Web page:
clock menu more-arrow no yes mobile

Filed under:

Trade target: Dee Gordon is Royaling and we didn't even notice

There isn't a player in the majors who epitomizes Kansas City-style baseball more than the Marlins second baseman.

Robert Mayer-USA TODAY Sports

When you think of offensive philosophy, specifically that of the Kansas City Royals, you come to certain conclusions about their strategy:

1. Put the ball in play

The Royals are second in all of Major League Baseball in batting average (.272), behind the Detroit Tigers (.275). This has been an aspect of Kansas City's offensive approach for the past three seasons; forcing the defense to make more plays on batted balls was a hallmark of their 2014 campaign.

2. Swing all the time

The Royals are dead last in the majors in walk percentage (5.7%), beneath the Phillies (who randomly employ Jeff Francoeur), the Brewers (who are 22.5 games out of first in the NL Central), and the Marlins (who just lost Giancarlo Stanton until August).

3. Don't strike out

One-quarter of the time the Houston Astros step to the plate, the at-bat ends in a strikeout. They lead the majors atg 25.0%, yet they drive the ball out of the ballpark (they also lead the majors with 112 home runs), so who cares? The Royals, on the other hand, are last in strikeout percentage. Or first, depending on how you sort the chart. The point is, they don't do it, which is supposed to be good. Yet the idea of the Royals swinging more often seems implausible to me, like trying to squeeze lemon juice out of a car battery.

4. Try not to hit home runs

Sure, it might be nice, every once in a while, to see the ball leave the park. But that's not really what we're here for. The April power surge was nice and all, but it didn't really feel like "Royals baseball," you know? Thankfully, they have fallen off hard, and are now tied with the Pirates for 26th with 56 roundies. The Cobb County Barves (44) have less than the Phillies (48), which again, is Jeff Francoeur's fault (5 HR).

5. Play good defense

Of all the teams that played defense last year (30 of them, the last time I checked), the Royals were fourth in Defense and first in the American League, nearly fifteen Runs better than the "How are they beating us this sucks we had the best team in the American League gaawd" Baltimore Orioles.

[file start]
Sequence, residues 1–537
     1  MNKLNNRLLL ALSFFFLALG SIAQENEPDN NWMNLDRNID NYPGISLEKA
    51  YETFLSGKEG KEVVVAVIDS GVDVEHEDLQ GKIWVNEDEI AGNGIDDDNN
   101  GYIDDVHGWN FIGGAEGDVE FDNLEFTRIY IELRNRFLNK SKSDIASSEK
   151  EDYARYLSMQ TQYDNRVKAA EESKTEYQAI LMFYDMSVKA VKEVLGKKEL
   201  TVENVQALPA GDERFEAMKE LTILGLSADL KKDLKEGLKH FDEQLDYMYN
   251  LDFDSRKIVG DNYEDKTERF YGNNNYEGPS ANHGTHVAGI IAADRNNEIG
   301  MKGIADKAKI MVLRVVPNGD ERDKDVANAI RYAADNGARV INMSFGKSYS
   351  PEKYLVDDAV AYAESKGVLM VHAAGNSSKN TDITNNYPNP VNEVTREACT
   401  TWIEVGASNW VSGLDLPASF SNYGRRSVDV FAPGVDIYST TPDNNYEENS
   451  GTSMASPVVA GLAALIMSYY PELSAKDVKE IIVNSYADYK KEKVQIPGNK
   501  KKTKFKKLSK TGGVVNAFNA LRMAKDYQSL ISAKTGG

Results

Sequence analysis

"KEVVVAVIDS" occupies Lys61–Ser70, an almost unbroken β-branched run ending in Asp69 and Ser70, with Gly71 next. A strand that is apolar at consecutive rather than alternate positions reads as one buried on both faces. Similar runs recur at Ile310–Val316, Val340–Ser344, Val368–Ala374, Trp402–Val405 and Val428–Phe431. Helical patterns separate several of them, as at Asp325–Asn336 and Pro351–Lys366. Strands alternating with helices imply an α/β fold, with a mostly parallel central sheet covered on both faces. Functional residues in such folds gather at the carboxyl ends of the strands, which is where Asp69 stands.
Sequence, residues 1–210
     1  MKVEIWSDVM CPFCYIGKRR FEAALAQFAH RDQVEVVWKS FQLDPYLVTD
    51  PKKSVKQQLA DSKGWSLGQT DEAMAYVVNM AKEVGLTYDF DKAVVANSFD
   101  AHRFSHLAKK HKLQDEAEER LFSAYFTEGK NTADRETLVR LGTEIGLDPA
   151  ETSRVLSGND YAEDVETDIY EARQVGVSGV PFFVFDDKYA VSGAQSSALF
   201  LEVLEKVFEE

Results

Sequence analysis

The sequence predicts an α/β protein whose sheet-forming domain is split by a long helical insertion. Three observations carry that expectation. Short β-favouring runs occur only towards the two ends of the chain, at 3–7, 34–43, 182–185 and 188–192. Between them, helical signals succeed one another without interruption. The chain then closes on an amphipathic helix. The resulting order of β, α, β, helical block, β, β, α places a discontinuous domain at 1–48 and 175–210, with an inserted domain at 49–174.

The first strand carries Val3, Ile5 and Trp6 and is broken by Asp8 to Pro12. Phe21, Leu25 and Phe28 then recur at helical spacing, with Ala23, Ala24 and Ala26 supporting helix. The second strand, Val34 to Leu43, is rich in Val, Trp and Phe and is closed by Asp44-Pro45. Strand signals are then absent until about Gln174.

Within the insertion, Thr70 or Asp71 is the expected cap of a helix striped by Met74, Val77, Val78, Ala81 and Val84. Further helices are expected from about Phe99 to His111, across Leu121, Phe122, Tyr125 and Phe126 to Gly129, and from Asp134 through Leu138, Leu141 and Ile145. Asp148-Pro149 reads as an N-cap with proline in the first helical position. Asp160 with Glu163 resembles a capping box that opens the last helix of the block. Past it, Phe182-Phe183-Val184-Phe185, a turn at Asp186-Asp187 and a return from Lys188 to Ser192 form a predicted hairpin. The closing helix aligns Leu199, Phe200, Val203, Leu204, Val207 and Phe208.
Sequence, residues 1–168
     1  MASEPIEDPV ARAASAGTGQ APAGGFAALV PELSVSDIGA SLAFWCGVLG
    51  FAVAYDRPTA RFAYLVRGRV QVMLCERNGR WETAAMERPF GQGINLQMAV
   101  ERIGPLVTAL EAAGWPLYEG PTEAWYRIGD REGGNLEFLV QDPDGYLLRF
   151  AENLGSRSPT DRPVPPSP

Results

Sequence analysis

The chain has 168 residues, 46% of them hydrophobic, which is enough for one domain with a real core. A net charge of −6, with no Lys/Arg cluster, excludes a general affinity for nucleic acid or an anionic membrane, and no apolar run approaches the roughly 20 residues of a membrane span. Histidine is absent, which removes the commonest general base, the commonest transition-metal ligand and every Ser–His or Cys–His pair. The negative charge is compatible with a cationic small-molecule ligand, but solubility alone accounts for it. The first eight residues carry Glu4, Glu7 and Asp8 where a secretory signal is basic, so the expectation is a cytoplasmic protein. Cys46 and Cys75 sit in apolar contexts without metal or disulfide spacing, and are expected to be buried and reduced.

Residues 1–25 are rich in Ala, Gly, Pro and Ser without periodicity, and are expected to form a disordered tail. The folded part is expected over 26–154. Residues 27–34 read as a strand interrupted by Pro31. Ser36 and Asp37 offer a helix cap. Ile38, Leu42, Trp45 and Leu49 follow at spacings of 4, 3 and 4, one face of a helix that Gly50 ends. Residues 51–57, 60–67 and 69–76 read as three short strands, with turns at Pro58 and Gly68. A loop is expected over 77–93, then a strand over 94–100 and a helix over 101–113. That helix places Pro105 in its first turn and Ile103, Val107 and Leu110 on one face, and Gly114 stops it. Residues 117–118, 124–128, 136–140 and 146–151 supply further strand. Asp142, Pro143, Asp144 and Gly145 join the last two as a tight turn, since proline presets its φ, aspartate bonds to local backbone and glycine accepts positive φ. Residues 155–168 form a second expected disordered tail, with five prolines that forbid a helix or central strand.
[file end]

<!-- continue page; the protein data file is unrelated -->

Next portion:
5. Steal bases

Though it hasn't particularly been a thing this year, with the precipitous falloff in slugging the Royals have seen in the past six weeks, you might expect to see more steals in the immediate future. The double steal against Oakland, for instance. Or the fact that Omar Infante stole a base last weekend. They did steal seven against Oakland in last year's Wild Card, and led the majors in stolen bases in 2014, and in 2013.


The Royals have a lot of players that fit these characteristics, but there is always something glaringly obvious about them that makes them stand out as not quite fitting the Vitruvian ideal. Salvador Perez doesn't walk or strike out, but he hits way too many home runs. Jarrod Dyson only has four career home runs, but he walks way too much (career 8.4% walk rate). Alcides Escobar is pretty close, but even he has five home runs the past two seasons, and doesn't steal quite enough.

No, the most Royal of Royals currently playing baseball just doesn't play for the Royals. He plays for Miami, and his name is Dee Gordon.

You want no home runs? Dee Gordon has five* in his career, spanning 1,650 plate appearances.

*He hit an inside the park home run on June 30th.

You want low walks? His career walk rate is 4.7%. This year, it is at 2.9%.

But it's okay, because he still gets on base by putting the ball in play. He is slashing .350/.369/.433 while hitting 59.1% ground balls. He hits over three-and-a-half ground balls per fly ball, and his line drive percentage for his career is 22.1. This year, over eighty-four percent of the balls Dee Gordon has put in play have been categorized as something other than a fly ball.

Oh yeah, he steals bases all of the time as well. He has 26 in 2015, which would have put him fourth on last year's Royals squad. Except last year he stole 64 bases, 28 more than team leader Jarrod "Speedy Doo" Dyson and 33 more than Alcides "I played every game last season unlike Jarrod who actually stole a lot of bases considering he only had 290 plate appearances in 120 games" Escobar.

And Dee Gordon plays defense.

A lot of defense.

Like, too much defense.

Interesting side note: All of those plays have happened in the past ten days.

He's also the son of former Kansas City Royal Tom "Flash" Gordon, who spent eight years in Kansas City, which also happened to be the first eight years that Dee was alive.

The Royals could use some help at second. Why not get the Royaliest Royal of them all?